- Consider state income tax deductions for contributions to 529 plans. However, be aware that this counts towards your $16,000 annual exclusion gift per recipient. Depending on your situation, it may make sense to gift other assets to the recipient and pay tuition to the institution directly.
Align Your Estate Plan With Your Goals and Aspirations
- Review and reconfirm that your foundational estate planning documents are executed and up to date, including a review of asset titling and beneficiary designations. It is important to revise these documents as your life and priorities change.
- Meet with the NewEdge Wealth team to revisit cash flow and projected growth of your taxable estate to reconfirm or implement a wealth transfer strategy for both your personal and business assets.
- Review insurance coverage and reevaluate whether it is owned properly and meets your family’s survivorship and estate tax planning needs. Your NewEdge team and its partners can help perform a life insurance analysis and coordinate a review.
- Discuss developing a family education plan to communicate your implemented strategies to the next generation and prepare them for the wealth with your NewEdge team. Families tend to get together over the holidays, which creates an ideal time to start the conversation.
- Don’t forget estate planning “freebies.” The annual exclusion gift limit remains at $16,000 per donor in 2022. However, in 2023, the annual exclusion for gifts will increase to $17,000. In addition, the limitation on tax-free annual gifts made to noncitizen spouses will increase from $164,000 in 2022 to $175,000 in 2023. Please reach out to your NewEdge team early to avoid the year-end rush.
- Medical and education expenses can be paid without gift tax limitation as long as you pay the medical provider/institution directly. There is no cap on this amount.
Evaluate Advanced Estate Planning Techniques
- For 2022, the federal estate, gift, and generation-skipping transfer (GST) applicable exclusion amounts are $12.06 million per person ($24.12 million per married couple.) The maximum rate for federal estate, gift, and GST taxes is 40 percent, meaning an individual can gift up to $12.06 million in 2022 before triggering the 40 percent federal tax rate. For 2023, the federal estate, gift, and GST applicable exclusion amounts have increased to $12.92 million per person ($25.84 million per married couple.) Consider utilization of the increased federal estate, gift, and GST tax applicable exclusion amounts before they are reduced by the earlier proposed legislation or at the end of 2025 to historical norms.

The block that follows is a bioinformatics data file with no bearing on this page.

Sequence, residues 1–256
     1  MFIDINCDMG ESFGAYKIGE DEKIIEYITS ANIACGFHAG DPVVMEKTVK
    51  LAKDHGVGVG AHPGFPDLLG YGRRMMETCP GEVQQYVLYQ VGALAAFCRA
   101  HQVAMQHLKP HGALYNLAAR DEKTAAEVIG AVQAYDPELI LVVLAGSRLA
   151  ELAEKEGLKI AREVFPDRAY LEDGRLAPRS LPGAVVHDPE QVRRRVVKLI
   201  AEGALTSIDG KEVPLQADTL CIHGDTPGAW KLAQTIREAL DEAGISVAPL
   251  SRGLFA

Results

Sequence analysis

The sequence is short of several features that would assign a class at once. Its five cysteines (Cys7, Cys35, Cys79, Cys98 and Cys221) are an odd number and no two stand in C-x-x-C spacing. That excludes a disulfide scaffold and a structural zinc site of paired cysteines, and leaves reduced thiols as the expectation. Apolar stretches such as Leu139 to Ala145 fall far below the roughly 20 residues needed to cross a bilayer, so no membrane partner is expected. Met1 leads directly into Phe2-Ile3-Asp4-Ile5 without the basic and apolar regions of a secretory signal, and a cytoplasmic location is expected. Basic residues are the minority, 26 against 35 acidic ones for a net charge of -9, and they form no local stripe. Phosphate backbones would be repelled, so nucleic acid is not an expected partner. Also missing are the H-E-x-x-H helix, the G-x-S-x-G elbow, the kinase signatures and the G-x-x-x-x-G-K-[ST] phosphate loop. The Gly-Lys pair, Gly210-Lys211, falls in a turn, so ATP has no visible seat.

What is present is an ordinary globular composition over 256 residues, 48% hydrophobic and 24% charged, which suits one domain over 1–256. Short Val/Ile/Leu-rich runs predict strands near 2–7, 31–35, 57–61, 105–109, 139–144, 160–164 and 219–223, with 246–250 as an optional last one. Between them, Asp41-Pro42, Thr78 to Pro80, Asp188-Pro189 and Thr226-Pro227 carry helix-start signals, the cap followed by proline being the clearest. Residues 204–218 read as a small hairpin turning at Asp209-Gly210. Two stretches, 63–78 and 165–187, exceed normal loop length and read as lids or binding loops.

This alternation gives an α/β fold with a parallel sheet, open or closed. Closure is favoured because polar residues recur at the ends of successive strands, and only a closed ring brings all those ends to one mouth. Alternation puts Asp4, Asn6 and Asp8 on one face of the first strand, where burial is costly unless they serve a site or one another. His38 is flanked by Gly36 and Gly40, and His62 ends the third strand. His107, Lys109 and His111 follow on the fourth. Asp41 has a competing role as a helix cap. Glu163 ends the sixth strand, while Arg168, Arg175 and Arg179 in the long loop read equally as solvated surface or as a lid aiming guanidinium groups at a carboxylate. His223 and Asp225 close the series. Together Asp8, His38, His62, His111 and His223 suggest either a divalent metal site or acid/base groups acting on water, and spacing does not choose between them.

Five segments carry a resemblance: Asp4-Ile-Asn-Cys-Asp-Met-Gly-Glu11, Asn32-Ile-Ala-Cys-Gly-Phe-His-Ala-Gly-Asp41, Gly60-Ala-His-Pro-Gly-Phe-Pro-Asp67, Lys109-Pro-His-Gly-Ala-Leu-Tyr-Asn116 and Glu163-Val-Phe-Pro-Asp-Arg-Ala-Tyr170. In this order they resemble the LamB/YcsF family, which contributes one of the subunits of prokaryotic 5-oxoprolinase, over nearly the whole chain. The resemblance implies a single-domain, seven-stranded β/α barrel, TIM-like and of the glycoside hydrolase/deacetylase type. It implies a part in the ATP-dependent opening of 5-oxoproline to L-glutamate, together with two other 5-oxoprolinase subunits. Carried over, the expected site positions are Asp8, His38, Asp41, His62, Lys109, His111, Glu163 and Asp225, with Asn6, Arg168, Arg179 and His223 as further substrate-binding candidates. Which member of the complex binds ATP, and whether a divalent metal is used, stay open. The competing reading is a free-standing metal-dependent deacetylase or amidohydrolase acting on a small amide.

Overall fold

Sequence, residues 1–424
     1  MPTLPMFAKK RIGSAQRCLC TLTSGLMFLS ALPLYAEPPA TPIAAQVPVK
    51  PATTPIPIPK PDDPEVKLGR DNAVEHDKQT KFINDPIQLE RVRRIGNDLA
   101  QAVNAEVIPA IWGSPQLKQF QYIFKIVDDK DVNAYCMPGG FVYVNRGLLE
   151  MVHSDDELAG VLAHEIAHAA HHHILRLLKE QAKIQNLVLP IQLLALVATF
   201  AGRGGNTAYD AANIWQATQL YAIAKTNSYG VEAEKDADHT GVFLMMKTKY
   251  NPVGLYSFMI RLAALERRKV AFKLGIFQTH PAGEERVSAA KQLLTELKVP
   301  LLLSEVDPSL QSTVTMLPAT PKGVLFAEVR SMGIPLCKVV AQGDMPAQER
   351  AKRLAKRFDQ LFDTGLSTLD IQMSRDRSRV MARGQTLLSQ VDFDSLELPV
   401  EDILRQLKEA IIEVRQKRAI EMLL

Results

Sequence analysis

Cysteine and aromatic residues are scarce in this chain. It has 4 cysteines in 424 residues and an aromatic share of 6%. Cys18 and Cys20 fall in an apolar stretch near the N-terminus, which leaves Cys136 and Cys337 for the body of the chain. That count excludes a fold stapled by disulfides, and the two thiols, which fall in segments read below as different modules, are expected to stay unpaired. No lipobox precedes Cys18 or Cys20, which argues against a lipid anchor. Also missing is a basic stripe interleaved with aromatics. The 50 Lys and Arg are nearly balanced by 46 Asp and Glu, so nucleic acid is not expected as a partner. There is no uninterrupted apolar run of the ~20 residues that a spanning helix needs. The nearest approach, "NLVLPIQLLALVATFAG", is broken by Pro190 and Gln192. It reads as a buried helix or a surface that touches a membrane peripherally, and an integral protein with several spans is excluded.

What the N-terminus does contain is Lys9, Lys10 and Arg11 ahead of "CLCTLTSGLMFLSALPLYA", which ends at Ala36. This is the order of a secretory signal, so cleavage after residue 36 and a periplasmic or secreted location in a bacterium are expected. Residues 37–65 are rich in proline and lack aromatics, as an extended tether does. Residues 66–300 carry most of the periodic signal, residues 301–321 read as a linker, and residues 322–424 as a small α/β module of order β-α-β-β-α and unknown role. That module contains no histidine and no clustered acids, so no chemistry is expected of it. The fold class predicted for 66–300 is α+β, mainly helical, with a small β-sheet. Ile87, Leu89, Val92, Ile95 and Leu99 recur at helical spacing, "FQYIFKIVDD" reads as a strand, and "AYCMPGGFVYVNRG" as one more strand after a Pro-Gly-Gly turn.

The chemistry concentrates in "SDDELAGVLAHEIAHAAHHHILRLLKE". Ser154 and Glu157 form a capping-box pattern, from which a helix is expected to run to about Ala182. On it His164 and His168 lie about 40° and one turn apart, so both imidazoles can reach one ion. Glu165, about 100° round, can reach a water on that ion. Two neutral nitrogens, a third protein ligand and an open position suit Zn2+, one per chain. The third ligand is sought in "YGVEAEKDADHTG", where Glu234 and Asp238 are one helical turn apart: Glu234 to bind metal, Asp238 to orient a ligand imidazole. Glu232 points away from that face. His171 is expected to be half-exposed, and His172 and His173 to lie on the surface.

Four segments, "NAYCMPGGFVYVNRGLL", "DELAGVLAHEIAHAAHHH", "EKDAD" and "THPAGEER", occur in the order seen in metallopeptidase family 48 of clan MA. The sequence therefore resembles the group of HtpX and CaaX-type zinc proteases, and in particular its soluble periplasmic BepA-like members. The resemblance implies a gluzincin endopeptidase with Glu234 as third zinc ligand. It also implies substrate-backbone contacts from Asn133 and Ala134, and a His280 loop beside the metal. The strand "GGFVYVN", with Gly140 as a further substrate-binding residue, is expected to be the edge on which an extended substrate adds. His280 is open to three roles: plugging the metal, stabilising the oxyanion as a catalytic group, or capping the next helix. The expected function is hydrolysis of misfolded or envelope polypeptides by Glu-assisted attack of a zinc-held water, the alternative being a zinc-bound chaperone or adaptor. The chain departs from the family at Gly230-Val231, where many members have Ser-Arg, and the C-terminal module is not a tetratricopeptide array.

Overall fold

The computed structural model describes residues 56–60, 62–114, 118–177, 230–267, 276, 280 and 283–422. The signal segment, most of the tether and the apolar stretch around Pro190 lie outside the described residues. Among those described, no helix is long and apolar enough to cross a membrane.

- Gift assets that have a high likelihood to grow significantly to remove any future appreciation from your taxable estate but recognize the recipient will lose the current benefit of receiving a step-up in cost basis upon your death. You may want to consider retaining low cost basis assets, which would then be included in their taxable estates and receive a step-up in income tax basis while prioritizing high-income tax basis assets for potential lifetime gift transactions. In addition, if a trust beneficiary has unused federal estate tax exemption, it may make sense to consider including flexible language in the trust document that would allow the beneficiary to exercise a power of appointment, resulting in the low income tax basis assets being included in the beneficiary’s taxable estate. We are available to discuss this analysis with you in more detail.
- Assess advanced estate planning techniques such as intra-family loans and installment sales to intentionally defective grantor trusts (IDGTs), grantor retained annuity trusts (GRATs), irrevocable life insurance trusts (ILITs), and spousal lifetime access trusts (SLATs). With these grantor trusts, you may also swap or buy back appreciated low basis assets.
- Take advantage of the current rising interest rate environment by using strategies such as a Charitable Remainder Annuity Trust (CRAT) or a Qualified Personal Residence Trust (QPRT). With a CRAT, the value of the remainder, calculated using the §7520 rate at the time the grantor creates the trust, gives the grantor an income tax charitable deduction. The value of the remainder must reach a minimum threshold; the higher the §7520 rate, the higher the value of the charitable interest. With a QPRT, the higher the rate, the higher the value of the grantor’s right to use the residence as his or her own during the term of years and the lower the value of the gift of the future remainder interest. So as the §7520 rate increases, the taxable gift decreases, making the QPRT a more attractive strategy with higher interest rates.
- If you are holding promissory notes from prior estate planning transactions, from loans to family members, or otherwise, you may consider using some or all of the increased lifetime exemption amounts to forgive these notes.